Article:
Republican voters in St. Clair County will see something unusual on the ballot March 20 – two candidates vying for the same judgeship.
Marshall Hilmes, 46, of Marissa, who operates a Caseyville law practice handling municipal matters - Hilmes Legal Solutions - announced his candidacy in October.
He has served as a municipal prosecutor, city attorney, arbitration hearing officer for the state and municipal zoning and hearing officer in communities throughout southern Illinois.
Hilmes will face Katherine Ruocco, 51, of Swansea, who operates a law practice in Belleville and St. Louis and who announced her intention to run for the same seat as Hilmes in November. Ruocco served as a village trustee for four years until 2017, and ran campaigns against long-time Democratic state lawmakers.
Her race against State Sen. James Clayborne (D-East St. Louis) in 2014 was close; she fell short by approximately 2,000 votes, a 3.6 percent margin. But, in a contest against State Rep. Jay Hoffman (D-Belleville) in 2016, she lost by a large margin of nearly 20 points.
As next month’s election approaches, the slings have come out in a campaign for the seat being vacated by Circuit Judge Jan Fiss, an at-large position where candidates run in all five counties of the circuit - Monroe, Perry, Randolph, St. Clair and Washington.
Democrat voters will see Associate Judge Heinz Rudolf on their primary ballot.
Regarding Ruocco’s record, Hilmes’ criticized her saying she incorporated in Illinois in 2011 before she was a licensed attorney in the state, in violation of Supreme Court Rule 721 that requires an Illinois law office to have an Illinois lawyer licensed and engaged in the practice of law.
Ruocco responded by saying that the rule referenced by Hilmes requires a limited liability corporation (LLC) engaged in the practice of law to have an Illinois licensed attorney. She also said that creating the LLC before she began practicing in Illinois was not in violation of the rule.
“The subject Illinois LLC was created in 2011 in anticipation of my future Illinois practice and wasn’t engaged in the practice of law at time of creation,” Ruocco stated.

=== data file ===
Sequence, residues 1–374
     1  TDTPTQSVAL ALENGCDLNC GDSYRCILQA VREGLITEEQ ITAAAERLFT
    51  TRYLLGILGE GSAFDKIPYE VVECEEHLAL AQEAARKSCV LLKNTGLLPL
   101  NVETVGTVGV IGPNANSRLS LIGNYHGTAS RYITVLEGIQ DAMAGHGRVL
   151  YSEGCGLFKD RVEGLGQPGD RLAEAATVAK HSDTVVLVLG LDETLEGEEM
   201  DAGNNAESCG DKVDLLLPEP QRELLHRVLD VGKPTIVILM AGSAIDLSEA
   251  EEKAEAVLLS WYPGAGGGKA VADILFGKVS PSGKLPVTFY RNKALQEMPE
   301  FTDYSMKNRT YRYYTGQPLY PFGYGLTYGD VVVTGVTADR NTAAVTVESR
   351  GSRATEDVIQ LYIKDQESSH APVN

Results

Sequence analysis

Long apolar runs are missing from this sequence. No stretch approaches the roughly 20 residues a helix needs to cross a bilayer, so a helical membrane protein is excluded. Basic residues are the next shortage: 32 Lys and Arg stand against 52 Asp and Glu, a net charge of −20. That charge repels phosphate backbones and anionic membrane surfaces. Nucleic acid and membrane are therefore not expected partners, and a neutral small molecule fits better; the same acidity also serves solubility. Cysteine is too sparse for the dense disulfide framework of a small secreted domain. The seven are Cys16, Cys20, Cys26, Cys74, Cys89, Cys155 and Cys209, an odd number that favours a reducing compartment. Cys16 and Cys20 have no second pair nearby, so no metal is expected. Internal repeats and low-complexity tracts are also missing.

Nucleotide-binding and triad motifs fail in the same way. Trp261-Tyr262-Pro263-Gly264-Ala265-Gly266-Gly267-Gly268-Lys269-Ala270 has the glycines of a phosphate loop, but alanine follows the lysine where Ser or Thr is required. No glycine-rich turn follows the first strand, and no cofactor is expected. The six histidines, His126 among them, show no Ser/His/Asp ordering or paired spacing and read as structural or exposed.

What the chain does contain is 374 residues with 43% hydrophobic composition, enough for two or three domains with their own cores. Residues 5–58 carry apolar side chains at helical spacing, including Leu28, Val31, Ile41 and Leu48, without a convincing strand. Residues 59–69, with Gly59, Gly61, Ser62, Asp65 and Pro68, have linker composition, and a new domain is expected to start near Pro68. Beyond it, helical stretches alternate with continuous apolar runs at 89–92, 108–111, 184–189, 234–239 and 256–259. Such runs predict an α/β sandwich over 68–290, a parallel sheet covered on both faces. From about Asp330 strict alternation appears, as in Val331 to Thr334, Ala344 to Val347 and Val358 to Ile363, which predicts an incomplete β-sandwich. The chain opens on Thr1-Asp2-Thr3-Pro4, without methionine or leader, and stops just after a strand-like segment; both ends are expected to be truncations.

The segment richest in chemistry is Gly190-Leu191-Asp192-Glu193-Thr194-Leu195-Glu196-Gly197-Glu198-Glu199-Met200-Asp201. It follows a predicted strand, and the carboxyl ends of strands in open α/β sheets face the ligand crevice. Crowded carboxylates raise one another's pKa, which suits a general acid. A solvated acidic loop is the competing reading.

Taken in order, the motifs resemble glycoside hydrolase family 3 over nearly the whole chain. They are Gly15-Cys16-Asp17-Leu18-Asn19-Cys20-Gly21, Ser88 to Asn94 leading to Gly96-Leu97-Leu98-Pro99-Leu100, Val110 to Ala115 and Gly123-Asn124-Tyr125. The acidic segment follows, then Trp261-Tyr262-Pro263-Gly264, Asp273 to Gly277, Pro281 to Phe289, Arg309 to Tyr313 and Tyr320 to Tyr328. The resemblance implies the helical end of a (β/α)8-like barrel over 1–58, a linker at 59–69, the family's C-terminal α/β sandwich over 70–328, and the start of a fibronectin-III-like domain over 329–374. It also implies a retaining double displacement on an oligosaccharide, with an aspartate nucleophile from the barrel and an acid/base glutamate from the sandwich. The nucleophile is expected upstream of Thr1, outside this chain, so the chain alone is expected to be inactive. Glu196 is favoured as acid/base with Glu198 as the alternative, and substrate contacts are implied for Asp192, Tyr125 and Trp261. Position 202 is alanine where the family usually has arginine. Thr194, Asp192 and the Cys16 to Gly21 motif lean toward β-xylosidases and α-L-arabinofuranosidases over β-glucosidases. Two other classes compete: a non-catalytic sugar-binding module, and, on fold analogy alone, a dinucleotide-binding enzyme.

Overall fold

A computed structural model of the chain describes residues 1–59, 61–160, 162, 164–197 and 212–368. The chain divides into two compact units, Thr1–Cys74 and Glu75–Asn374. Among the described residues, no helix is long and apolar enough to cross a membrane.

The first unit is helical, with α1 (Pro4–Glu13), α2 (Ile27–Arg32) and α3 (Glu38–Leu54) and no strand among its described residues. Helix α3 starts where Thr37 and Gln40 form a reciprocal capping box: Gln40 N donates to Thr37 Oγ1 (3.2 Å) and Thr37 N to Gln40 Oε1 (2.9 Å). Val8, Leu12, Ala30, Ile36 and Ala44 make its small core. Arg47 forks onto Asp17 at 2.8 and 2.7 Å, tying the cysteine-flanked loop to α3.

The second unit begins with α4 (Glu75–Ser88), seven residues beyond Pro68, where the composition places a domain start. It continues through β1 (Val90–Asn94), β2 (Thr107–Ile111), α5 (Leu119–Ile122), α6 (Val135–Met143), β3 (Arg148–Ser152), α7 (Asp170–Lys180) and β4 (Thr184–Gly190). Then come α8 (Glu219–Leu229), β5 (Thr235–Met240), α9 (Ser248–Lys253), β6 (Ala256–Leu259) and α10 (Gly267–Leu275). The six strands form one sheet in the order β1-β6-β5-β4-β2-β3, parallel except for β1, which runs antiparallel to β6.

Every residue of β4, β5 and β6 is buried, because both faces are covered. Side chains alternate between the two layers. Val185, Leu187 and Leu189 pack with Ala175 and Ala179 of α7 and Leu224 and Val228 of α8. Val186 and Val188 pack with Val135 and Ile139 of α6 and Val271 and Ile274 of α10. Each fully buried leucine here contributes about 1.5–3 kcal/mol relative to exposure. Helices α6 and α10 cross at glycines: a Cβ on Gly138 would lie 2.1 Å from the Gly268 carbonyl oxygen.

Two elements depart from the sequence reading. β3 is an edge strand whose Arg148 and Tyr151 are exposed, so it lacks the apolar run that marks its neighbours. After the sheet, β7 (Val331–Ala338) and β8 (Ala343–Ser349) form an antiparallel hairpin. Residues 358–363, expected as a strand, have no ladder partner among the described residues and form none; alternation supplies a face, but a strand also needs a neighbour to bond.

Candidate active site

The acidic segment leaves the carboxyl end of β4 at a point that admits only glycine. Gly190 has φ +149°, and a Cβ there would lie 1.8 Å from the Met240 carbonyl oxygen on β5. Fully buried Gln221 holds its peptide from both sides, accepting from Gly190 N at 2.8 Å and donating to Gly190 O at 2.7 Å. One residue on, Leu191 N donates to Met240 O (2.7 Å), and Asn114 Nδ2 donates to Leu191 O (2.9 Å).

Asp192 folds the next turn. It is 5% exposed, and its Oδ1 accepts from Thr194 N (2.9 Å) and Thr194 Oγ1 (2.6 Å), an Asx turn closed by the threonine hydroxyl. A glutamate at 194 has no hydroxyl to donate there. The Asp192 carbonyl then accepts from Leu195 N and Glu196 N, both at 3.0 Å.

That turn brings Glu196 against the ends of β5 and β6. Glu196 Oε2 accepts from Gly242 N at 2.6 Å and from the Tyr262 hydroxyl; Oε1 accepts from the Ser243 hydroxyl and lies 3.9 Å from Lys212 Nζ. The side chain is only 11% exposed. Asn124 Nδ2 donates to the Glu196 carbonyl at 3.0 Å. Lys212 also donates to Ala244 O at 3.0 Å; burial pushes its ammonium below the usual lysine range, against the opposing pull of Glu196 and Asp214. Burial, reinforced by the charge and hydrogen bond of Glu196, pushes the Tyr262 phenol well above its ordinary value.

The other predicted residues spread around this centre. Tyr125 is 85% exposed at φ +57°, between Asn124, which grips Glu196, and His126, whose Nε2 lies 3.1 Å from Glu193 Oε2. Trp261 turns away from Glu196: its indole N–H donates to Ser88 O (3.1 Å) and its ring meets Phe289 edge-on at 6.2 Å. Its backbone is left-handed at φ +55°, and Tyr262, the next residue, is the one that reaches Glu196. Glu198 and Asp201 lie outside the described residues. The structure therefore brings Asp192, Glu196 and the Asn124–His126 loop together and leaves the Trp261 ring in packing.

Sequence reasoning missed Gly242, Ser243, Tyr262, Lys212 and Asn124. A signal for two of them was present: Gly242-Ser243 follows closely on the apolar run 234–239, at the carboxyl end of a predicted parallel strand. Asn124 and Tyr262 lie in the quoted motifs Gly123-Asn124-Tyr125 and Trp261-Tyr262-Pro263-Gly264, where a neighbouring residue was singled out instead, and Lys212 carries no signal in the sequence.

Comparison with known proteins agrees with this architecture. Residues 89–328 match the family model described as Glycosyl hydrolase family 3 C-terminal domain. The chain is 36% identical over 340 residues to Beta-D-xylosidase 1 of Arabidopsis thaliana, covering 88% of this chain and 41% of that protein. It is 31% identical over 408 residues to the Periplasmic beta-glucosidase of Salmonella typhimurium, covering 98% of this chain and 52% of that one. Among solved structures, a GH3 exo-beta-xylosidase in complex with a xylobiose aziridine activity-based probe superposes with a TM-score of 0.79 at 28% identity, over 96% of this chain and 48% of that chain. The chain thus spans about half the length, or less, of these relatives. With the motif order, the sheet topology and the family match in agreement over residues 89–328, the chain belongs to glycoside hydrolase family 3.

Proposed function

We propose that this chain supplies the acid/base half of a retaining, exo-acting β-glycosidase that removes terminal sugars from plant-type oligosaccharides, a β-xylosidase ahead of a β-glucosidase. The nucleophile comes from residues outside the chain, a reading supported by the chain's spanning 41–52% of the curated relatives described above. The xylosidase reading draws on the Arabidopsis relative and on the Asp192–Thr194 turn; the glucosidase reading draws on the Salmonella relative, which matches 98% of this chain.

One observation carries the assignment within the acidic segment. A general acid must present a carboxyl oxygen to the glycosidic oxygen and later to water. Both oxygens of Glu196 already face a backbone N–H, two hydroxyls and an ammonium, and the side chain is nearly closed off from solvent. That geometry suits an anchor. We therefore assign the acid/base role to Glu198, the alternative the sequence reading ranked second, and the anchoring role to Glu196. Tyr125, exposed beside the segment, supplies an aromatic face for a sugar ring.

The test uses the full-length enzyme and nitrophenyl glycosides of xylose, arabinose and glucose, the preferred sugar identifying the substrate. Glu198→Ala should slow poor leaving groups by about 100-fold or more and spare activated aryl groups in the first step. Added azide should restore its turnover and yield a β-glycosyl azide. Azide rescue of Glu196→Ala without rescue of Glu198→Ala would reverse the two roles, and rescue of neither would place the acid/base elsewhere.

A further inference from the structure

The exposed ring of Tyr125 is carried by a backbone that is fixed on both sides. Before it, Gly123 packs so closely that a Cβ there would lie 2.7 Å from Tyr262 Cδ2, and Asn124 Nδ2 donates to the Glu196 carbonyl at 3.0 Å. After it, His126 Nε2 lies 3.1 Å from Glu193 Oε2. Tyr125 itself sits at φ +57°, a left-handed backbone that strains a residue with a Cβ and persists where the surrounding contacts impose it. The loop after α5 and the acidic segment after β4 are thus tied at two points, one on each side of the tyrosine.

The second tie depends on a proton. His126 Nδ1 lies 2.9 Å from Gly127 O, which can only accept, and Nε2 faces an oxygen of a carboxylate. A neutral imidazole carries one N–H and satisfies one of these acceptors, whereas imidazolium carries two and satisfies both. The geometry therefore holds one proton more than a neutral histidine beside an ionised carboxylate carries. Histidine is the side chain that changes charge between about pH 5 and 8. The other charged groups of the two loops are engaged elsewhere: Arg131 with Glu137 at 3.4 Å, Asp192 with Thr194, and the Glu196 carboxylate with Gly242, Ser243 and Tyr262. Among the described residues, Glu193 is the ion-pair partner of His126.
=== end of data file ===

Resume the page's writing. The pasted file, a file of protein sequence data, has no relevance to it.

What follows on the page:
“I transitioned from a decade-long Missouri practice and began practicing law in Illinois in 2014, after obtaining my Illinois licensure. I have since been dually licensed in Missouri and Illinois.”
The latest back-and-forth between the candidates is not the first tension between Hilmes and Ruocco.
In December, Ruocco challenged Hilmes' candidacy to the Illinois State Board of Elections seeking to strike his name from the ballot. In January, the Board adopted hearing officer David Herman's Jan. 8 recommendation that Hilmes remain on the ballot.
Ruocco had argued that even though Hilmes' voter registration indicated his name is B. Marshall Hilmes, he failed to note on his nomination papers that his full or Christian name is "Brandon," as listed at the Attorney Registration and Discipline Commission (ARDC), which could lead to voter confusion.
Ruocco further challenged Hilmes' voter registration status and claimed he failed to identify in his sworn statement the specific office and the specific vacancy for which his nomination was sought, among other things.
After the March primary, the winner will go on to face Rudolf in the general election.
Republican voters in St. Clair County have had a dearth of judicial candidates to choose from in recent history as Democratic candidates have dominated the election process.
Since 2002, there have been 14 open circuit court races, nine of which were won by uncontested Democrat candidates. Of the five that were competitive, only two Repubicans have succeeded.
In 2014, Republican Steve McGlynn defeated Rudolf and in 2016, Republican Ron Duebbert defeated Democrat John Baricevic.